The Metropolitan Museum of Art presents The Passions of Jean-Baptiste Carpeaux that runs through May 26, 2014. The retrospective surveys the work and life of the extraordinary yet deeply tormented sculptor during the Second Empire in France under Napoleon III.
This is the first full-scale exhibition in nearly 40 years dedicated to the 19th century French sculptor-painter, Carpeaux. In the museum’s nine galleries, the show features approximately 150 works that include paintings, drawings, preliminary clay models and sculptures. The exhibit entwines art and history into a deeply informative chronicle of Carpeaux. It brings together private renderings and public sculptures, politics and court life.
The Met makes this exhibit more tangible than most as it shows the struggles, thought progress and the realities of being a 19th century artist. Visitors will see the stages of sculptural production and the necessary materials used to create scale studies before the definitive piece is brought to life in bronze or marble.
Carpeaux is most notable for his work, Ugolino and His Sons. In what was supposed to have been a solitary figure, the sculptor insisted on creating a five-figure passage that portrays Ugolino from Dante’s Inferno. The monumental marble piece was finished in time for the Paris Universal Exposition in 1867. It is an expressive study of power and anguish. Although, the configuration appears heavy and dense, the composition is considered conventional. Ugolino and His Sons was said to be influenced by Michelangelo’s Moses, while Carpeaux’s masterpiece was to have influenced Rodin’s Thinker.
A versatile and prolific artist, Carpeaux, was a predecessor to Rodin. He merged his interest in Realism with passion of Baroque and Renaissance sculptures. His work is infused with formidable gesticulation and almost intuitive determination that echoes the anguish of his troubled life due to physical difficulties and intense mood swings. The artist strove for anatomical realism in all of his work, but most especially in his marble sculptures and busts, that appear to encapsulate “flesh and blood in stone.”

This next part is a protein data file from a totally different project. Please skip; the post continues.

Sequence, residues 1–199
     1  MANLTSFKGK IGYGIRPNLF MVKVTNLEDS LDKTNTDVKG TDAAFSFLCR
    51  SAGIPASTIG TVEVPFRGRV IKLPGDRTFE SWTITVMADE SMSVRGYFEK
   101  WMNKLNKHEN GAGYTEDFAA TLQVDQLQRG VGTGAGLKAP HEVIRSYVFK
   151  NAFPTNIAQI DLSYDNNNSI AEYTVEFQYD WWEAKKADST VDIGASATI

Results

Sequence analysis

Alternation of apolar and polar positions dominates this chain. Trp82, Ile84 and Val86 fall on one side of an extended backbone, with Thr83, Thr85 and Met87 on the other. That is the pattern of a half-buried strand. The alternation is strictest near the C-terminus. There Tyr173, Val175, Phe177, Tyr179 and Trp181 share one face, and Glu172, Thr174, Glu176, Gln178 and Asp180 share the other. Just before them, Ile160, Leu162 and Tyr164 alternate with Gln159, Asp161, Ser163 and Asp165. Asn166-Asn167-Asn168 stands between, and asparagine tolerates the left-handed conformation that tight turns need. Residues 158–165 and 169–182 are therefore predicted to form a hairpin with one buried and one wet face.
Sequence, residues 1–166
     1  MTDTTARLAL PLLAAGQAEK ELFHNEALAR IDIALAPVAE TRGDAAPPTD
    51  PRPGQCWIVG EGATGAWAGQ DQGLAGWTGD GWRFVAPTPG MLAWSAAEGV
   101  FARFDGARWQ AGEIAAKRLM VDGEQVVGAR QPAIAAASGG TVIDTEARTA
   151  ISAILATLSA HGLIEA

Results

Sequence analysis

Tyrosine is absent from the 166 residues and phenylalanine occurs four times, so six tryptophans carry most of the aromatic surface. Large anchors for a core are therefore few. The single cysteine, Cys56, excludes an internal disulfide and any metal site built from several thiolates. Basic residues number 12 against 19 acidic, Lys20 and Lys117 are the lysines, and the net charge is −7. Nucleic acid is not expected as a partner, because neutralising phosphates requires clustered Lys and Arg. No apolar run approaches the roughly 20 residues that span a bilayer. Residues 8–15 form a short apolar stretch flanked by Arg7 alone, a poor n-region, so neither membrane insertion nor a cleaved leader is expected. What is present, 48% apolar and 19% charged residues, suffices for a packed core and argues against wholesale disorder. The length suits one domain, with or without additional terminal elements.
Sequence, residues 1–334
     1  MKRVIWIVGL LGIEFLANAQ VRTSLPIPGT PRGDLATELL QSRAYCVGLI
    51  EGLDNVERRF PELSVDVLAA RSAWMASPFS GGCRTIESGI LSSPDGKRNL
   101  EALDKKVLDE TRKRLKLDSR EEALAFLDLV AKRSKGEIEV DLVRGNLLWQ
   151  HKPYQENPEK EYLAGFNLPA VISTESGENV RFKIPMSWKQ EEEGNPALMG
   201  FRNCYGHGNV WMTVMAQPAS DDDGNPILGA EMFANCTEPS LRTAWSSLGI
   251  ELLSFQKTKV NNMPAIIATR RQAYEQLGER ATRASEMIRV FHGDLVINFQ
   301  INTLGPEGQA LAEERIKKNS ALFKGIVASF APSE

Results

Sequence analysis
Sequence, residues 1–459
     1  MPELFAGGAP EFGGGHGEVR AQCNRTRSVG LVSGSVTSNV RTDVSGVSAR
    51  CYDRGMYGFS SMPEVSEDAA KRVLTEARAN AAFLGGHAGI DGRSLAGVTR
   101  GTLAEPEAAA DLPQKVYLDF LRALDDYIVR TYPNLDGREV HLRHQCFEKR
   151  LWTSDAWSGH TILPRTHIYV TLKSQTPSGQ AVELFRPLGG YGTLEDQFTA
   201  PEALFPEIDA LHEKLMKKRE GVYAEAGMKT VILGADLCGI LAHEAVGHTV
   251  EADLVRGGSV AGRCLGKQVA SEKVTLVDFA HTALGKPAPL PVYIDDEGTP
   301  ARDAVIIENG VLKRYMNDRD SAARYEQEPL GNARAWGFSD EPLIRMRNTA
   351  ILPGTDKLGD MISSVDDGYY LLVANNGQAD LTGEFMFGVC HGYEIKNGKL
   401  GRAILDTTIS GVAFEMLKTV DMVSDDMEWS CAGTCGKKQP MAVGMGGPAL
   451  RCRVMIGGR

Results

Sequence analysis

Jean-Baptiste Carpeaux established himself in artistic and social circles, and was appointed the art tutor of the only child of Emperor Napoleon III. During his stay in Tuileries, among other works, he created Prince Impérial with his Dog Nero, a gift from the Russian ambassador. The portrait was well received and reproduced in different mediums such as bronze, terracotta and plaster.
In 1863, the architect, Charles Garnier commissioned four groups of sculptors to beautify the façade of the new Paris Opera. Carpeaux was one of the groups who were chosen to praise the subject of dance. He worked for over a three-year period, creating sketches and models before selecting a composition of dancing nymphs encircling the spirit of dance.
The frieze, La Danse, seems to extend beyond its edges to reach out to its viewers, blurring the distance of space between sculpture and viewer. When the sculpture was unveiled, it was considered a disgrace due to its realism. Claimed pornographic, it was defaced with ink, and the public demanded its removal.
However, timing is everything. First, there was the war of 1870, which heralded the fall of the Second Republic, followed by the early death of Carpeaux in 1875, that eventually put a close to the controversy. Today, La Danse, stained with ink, is considered one of the 19th century’s most epic works.
Jean-Baptiste Carpeaux had a genius for “lively movement” and portrait depiction. His realist style was independent of conventional classical approaches to his subjects, which renders his work more impressive than that of his contemporaries. Like many 19th century sculptors, the passion of Jean-Baptiste Carpeaux drew inspiration from the Baroque and the Renaissance period, however, he infused his work with a powerful creative expression that was all his own.
By: Dawn Levesque
The New Yorker